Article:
Facebook employees on Monday held a “virtual walkout” in protest of how CEO Mark Zuckerberg has handled President Trump’s controversial posts on the platform, according to a report from The New York Times.
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Dozens of employees requested time off on Monday, the publication said, while putting up automated messages that stated they would be out of office in support of protestors.
As noted by the Times, many of Facebook’s employees are working from home due to coronavirus-related self-isolation guidance.
Frustrations appear to have emerged over how the social media site has decided to handle posts penned by the president.
Last week, Twitter placed a warning label on a tweet and restricted its ability to be freely viewed on the platform posted by the president regarding protests that erupted after the death of George Floyd. The tweet used the words “thugs” to describe protestors and it also used the controversial phrase “when the looting starts, the shooting starts.” The phrase has origins in the Civil Rights era when it was used to justify police efforts to crack down black demonstrators.
The Twitter warnings reads: "This Tweet violated the Twitter Rules about glorifying violence. However, Twitter has determined that it may be in the public’s interest for the Tweet to remain accessible."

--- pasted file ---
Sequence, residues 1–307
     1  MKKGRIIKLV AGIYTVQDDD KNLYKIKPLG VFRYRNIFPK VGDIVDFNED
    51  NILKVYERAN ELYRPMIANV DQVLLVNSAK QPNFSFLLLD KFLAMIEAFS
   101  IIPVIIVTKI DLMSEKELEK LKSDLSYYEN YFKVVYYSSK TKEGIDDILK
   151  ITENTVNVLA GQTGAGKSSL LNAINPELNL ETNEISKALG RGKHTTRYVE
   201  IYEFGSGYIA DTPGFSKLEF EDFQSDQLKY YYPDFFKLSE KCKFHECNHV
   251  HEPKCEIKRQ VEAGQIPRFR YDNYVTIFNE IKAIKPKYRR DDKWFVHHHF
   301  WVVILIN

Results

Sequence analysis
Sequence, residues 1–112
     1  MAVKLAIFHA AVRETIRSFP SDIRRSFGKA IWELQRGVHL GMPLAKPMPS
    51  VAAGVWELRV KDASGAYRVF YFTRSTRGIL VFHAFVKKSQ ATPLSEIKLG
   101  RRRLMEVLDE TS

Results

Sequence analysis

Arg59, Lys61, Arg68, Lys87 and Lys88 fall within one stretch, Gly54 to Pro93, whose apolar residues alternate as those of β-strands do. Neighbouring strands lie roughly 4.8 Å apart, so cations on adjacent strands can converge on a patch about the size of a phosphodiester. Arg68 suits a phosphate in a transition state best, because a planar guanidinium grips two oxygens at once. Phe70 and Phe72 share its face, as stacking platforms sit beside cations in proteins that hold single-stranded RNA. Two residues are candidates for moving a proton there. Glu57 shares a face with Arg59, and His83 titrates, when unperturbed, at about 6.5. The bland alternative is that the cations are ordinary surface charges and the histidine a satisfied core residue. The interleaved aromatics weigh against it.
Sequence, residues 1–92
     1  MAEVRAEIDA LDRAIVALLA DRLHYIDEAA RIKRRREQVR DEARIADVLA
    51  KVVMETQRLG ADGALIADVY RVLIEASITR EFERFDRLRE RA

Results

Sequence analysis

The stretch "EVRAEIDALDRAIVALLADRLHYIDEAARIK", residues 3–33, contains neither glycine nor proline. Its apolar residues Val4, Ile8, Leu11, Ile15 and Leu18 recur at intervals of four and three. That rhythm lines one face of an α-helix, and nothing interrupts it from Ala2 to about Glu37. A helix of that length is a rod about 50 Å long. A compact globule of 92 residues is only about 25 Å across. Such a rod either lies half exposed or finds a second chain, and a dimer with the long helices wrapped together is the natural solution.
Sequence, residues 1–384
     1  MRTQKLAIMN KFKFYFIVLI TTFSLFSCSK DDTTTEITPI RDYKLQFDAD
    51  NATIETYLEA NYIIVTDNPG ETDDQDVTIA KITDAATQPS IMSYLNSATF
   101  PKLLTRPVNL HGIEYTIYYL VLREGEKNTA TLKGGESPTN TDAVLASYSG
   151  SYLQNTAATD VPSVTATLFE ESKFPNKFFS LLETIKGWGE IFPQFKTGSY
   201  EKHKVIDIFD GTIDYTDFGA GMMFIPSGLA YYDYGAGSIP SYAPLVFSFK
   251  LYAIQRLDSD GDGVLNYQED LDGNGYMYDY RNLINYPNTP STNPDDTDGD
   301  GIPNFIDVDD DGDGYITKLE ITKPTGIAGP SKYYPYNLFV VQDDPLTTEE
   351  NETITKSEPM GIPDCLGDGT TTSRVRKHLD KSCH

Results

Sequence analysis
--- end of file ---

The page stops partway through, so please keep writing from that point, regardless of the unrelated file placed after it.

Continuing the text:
Trump posted the same message on Facebook, where no action was taken by the site, to the dismay of some employees.
A spokesperson for Facebook did not immediately return FOX Business’ request for comment regarding Monday’s virtual walkout over its policies. However, the company has pledged $10 million toward efforts fighting racial injustices.
A split in how major technology companies planned to handle controversial rhetoric began to emerge last week, when Trump posted messages about mail-in voter fraud on both Facebook and Twitter. His Twitter post was marked by a new fact-check feature, which provides links for people to read more information about a topic or claim. The post was again left untouched on Facebook.
"I just believe strongly that Facebook shouldn't be the arbiter of truth of everything that people say online," Zuckerberg said. "Private companies probably shouldn't be, especially these platform companies, shouldn't be in the position of doing that."
Last week, the president signed an executive order giving the government broader authority to crackdown on social media companies, while accusing them of having “unchecked power” and acting as editors and publishers of the content on their websites. He said the order would remove their “liability shield” if they engage in censorship.
“They’re doing things incorrectly, they have points of view,” Trump said at the White House. “My executive order calls for new regulations under Section 230 of the Communications Decency Act to make it that social media companies that engage in censoring or any political conduct will not be able to keep their liability shield. That’s a big deal.”
Section 230 of the Communications Decency Act (CDA) of 1996 protects companies like YouTube and Twitter from most content posted on their sites by third-party users even though the companies themselves generally oversee that content.